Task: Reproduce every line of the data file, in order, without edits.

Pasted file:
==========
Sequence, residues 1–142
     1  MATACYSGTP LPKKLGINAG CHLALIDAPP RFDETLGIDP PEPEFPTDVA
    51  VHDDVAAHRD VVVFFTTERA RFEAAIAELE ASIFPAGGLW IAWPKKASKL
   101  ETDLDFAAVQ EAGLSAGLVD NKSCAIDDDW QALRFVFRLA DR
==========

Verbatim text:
Sequence, residues 1–142
     1  MATACYSGTP LPKKLGINAG CHLALIDAPP RFDETLGIDP PEPEFPTDVA
    51  VHDDVAAHRD VVVFFTTERA RFEAAIAELE ASIFPAGGLW IAWPKKASKL
   101  ETDLDFAAVQ EAGLSAGLVD NKSCAIDDDW QALRFVFRLA DR